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Internal Gray-Scale

The latest in cool hardware comes from Micron, which has been working on a couple of video cards for the SE/30 (and this right after I get through talking about how there aren’t very many PDS cards for the SE/30). Micron has had several video cards for the SE/30 for some time now, and I’m using the low-end one in my SE/30 right now. It’s a modest $350 card, providing a 640 x 480 screen in 8-bit color, but it has always worked perfectly. If I wanted to be toasted by a large monitor, Micron also has a card that drives larger monitors.

Now however, Micron has a new 8-bit card for the SE/30 and is working on a 24-bit color card as well. "So what," you yawn, "there are a ton of 8-bit and 24-bit color cards around and even a couple for that obsolete old SE/30." Well, the big deal here is that both of the new cards will accept a $75 (or at least I think that’s what the price will be. I can’t find where I saw the price, but that’s what I remember) daughter card called the Gray-Scale 30 (GS30) that will provide 256 shades of gray on the internal SE/30 9" monitor. That’s pretty impressive! I’ve never seen any sort of hardware device which improved the internal monitors on compact Macs before, so Micron must have figured out some neat trick to get this to work.

There is a catch, of course. One video card can drive only one monitor. So if you buy the Color 30 (that’s the 8-bit card) for about $300 (the price has come down slightly) and add a GS30 to it, you can either have an 8-bit internal gray-scale display or an 8-bit color or gray-scale external display (at which point your internal monitor is solely black and white). You cannot have both internal gray-scale and external 8-bit color at the same time, although, as I said, the internal monitor is still active in black and white when you have an external monitor connected. Sorry for getting your hopes up, but I’m sure that if Micron could have figured it out how to provide internal gray-scale at the same time as external 8-bit color, they would have done it. Nevertheless, it’s easy enough to disconnect an external monitor to enable the internal gray-scale display. I know that sounds awkward, but since the SE/30 with an internal hard drive is quite transportable, you get a fast gray-scale system to tote around.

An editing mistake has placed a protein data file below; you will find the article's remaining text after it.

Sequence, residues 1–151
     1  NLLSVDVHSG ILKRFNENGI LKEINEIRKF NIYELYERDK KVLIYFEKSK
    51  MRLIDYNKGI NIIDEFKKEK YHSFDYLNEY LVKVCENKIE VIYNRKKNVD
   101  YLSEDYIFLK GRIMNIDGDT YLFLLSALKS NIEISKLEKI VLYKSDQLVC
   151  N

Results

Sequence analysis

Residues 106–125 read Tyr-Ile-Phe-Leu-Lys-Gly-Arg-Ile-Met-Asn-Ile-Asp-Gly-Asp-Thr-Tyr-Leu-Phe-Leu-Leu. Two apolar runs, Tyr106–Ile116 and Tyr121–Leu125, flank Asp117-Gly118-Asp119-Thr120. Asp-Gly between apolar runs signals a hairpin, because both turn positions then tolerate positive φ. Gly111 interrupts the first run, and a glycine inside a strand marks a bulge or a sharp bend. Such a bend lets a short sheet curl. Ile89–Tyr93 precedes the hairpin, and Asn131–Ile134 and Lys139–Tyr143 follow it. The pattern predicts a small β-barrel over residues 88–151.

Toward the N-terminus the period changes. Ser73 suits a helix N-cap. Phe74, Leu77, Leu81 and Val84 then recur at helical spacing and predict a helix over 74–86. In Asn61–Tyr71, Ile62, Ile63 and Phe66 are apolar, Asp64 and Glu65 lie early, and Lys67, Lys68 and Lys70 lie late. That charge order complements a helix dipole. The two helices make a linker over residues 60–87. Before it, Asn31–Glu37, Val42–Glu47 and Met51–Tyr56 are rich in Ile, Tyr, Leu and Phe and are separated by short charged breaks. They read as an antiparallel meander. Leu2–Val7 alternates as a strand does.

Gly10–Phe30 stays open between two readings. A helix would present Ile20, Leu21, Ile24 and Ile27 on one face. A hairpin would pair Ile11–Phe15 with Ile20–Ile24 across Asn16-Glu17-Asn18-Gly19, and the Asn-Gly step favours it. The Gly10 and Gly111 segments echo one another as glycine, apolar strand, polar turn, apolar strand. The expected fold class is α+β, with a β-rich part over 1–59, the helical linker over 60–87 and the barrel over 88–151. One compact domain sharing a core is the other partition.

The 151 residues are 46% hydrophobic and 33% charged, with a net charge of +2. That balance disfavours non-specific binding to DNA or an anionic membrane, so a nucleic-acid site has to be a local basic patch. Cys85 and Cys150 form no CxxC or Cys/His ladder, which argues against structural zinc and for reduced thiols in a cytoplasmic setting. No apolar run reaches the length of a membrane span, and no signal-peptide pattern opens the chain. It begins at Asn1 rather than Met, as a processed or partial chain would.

Micron is currently thinking of a way to allow current owners of the older SE/30 8-bit card to trade it in for a new Color 30 card (which could then have the GS 30 added to it). There are a few other reasons why you might want the new card, such as the fact that it can also drive 640 x 870 monitors like the Apple Portrait Display and that it comes with a "Virtual Video" cdev that provides a virtual desktop that can be larger than the physical monitor. I don’t know offhand how fast the Virtual Video cdev is – if it’s the same speed as Stepping Out II, I wouldn’t ever use it, but if it implements hardware panning, it would be great. Overall though, if you have an SE/30 with that one slot empty, I can’t think of a better way to fill it than with a Color 30 card augmented with a GS30 daughter board. You get 8-bit gray-scale immediately and the option to add a larger color monitor later. Not too shabby for that poor old SE/30.

Micron Technology — 800/642-7661 — 208/386-3800

Information from:
Erik A. Johnson — [email protected]
Rick Larsen, Micron Rep — MTechSprt on AOL

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